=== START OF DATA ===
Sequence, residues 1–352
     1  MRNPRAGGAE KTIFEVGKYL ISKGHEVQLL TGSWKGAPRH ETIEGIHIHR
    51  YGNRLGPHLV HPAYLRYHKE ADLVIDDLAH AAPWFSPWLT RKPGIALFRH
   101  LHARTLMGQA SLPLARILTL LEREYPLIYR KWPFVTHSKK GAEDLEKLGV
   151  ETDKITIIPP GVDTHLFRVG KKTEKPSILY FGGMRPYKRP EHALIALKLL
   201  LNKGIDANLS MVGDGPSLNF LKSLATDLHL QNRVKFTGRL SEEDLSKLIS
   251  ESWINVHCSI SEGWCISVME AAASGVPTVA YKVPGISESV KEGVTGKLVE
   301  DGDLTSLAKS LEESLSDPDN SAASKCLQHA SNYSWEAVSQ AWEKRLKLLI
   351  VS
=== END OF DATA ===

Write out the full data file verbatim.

Sequence, residues 1–352
     1  MRNPRAGGAE KTIFEVGKYL ISKGHEVQLL TGSWKGAPRH ETIEGIHIHR
    51  YGNRLGPHLV HPAYLRYHKE ADLVIDDLAH AAPWFSPWLT RKPGIALFRH
   101  LHARTLMGQA SLPLARILTL LEREYPLIYR KWPFVTHSKK GAEDLEKLGV
   151  ETDKITIIPP GVDTHLFRVG KKTEKPSILY FGGMRPYKRP EHALIALKLL
   201  LNKGIDANLS MVGDGPSLNF LKSLATDLHL QNRVKFTGRL SEEDLSKLIS
   251  ESWINVHCSI SEGWCISVME AAASGVPTVA YKVPGISESV KEGVTGKLVE
   301  DGDLTSLAKS LEESLSDPDN SAASKCLQHA SNYSWEAVSQ AWEKRLKLLI
   351  VS